LEGAL VIEW: When is an assassination not an assassination?

By Scott Forsyth

The Daily Record Newswire

Everybody knows the United States targets for killing the leaders of al-Qaida and the Taliban in the war zones of Afghanistan. It tracks down and kills the leaders in neighboring countries. It also targets for killing the leaders of groups linked to al-Qaida, far from Afghanistan. And it targets those leaders even though they may be citizens of the United States.

The media reports the United States maintains a list of persons approved for killing. Last fall, in separate incidents in Yemen, drones killed two United States citizens on the list. A third citizen was collateral damage.

Following the killings, the ACLU submitted a FOIL request to three federal agencies, seeking documents about the legal basis for the program and the process by which the government adds Americans to the list.

In spite of the media publicity, the agencies would not "confirm or deny the existence or nonexistence of records responsive" to the request. The very existence of the program is "currently and properly classified." Request denied.

On Feb. 1, the ACLU filed suit to compel the government to turn over the records requested.

In the meantime, the government, ironically, keeps talking about the program. Ten days ago, Attorney General Eric Holder spoke at Northwestern about the legal principles underlaying the government's national security efforts.

He mentioned, in particular, "the use of lethal force" against "senior operational leaders of al-Qaida and associated forces," wherever they may be located. Such killings are not "assassinations," because they are "lawful," permitted under "both United States law and applicable law of war principles."

The federal law he is referring to is the resolution adopted by Congress following 9/11 authorizing the president to use all "necessary and appropriate force" against those who planned the attacks or who harbor said persons.

One may question the resolution's scope and its continuing need 10 years later, but Congress has not seen fit to modify the resolution or repeal it. Until Congress so acts, the president will interpret the resolution expansively.

The attorney general went on to say, rightly, a citizen who takes up arms against the United States can be targeted for killing. Nevertheless, a citizen residing outside the country is entitled to the protections of the Fifth Amendment and cannot be "deprived of life, liberty, or property without due process of law."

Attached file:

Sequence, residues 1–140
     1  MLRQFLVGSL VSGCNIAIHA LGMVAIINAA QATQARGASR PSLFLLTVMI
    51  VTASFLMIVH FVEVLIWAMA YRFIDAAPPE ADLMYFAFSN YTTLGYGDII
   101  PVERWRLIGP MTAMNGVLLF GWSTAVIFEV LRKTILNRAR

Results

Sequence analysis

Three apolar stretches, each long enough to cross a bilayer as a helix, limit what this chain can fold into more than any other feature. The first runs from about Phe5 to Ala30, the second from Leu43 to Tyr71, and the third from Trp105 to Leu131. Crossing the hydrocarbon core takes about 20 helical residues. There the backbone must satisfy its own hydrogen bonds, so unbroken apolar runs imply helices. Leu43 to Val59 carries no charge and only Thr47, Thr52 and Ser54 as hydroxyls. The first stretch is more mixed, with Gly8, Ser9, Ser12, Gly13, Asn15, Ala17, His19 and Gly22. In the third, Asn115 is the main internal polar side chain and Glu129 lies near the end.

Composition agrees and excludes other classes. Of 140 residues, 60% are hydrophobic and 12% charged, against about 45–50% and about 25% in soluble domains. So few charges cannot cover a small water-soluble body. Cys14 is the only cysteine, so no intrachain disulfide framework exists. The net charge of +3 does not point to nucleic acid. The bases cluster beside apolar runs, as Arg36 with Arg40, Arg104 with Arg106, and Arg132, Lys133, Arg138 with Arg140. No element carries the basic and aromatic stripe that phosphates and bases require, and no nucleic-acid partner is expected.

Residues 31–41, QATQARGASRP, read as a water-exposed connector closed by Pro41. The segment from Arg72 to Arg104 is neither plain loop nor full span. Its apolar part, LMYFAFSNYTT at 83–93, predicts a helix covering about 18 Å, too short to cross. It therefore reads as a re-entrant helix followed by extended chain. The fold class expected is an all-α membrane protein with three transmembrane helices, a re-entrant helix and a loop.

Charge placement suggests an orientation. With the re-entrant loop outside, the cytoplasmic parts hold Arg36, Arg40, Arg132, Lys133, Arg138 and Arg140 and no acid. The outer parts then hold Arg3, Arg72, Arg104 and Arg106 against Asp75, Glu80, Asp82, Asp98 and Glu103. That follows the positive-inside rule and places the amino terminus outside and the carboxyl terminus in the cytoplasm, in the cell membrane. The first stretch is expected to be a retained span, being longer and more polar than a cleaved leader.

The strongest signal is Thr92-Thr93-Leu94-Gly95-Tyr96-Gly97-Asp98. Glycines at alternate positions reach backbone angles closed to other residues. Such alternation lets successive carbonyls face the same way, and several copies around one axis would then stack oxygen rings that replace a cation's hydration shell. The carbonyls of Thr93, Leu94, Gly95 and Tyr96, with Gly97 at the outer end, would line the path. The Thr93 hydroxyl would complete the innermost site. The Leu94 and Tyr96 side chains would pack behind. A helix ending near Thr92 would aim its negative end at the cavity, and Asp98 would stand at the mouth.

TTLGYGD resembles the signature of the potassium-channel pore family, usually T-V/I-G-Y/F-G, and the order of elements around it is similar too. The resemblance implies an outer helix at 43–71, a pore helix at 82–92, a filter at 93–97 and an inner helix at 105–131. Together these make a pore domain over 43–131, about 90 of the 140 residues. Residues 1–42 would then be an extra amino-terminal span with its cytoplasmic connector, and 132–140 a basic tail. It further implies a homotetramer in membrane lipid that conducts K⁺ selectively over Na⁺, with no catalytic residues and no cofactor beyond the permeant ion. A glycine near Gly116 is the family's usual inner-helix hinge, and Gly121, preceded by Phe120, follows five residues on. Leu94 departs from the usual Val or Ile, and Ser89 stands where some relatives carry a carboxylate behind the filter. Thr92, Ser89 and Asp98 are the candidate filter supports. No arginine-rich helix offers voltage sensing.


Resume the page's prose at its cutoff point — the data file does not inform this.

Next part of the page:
According to the U.S. Supreme Court, the process due in any given instance involves the weighing of the private interest impacted by the government action against the government's asserted interest. Key factors in the weighing are "the risk of an erroneous deprivation" of the private interest if less process is afforded, the "probable value, if any, of additional or substitute safeguards," and "the burdens the government would face in providing greater process," Mathews v. Eldridge, 424 U.S. 319, 335 (1976).

Obviously, the private interest at stake in the killing program is the most elemental -- life. There can be little room for error.

Consequently, the ACLU argues a citizen outside a battlefield cannot be targeted for killing "unless he presents a concrete, specific and imminent threat to life or physical safety, and there are no means other than lethal force that could be reasonably be employed to neutralize the threat." In his speech, the attorney general mostly endorsed this test.

Then he made a breathtaking claim. Only the president can determine if a citizen poses such a threat and how the president makes this determination constitutes due process. There is no role for the courts before or after a killing.

The attorney general did concede that the president must disclose killings to Congress as part of his regular reports on counterterrorism activities. The disclosure is the only check on the president.

By not turning over records and by cutting out the courts, the president has created a program that effectively operates outside the law. Killings that occur outside the law and away from a battlefield are assassinations, the Attorney General notwithstanding.

If the president and the attorney general are truly interested in acting lawfully, they will let the courts review the program to assure that it comports with the Due Process Clause. Nobody is arguing the courts should get involved in real-time decisions to deploy lethal force away from a battlefield.


Scott Forsyth is a partner in Forsyth & Forsyth and serves as counsel to the local chapter of the ACLU. He may be contacted at (585) 262-3400 or

Published: Thu, Mar 15, 2012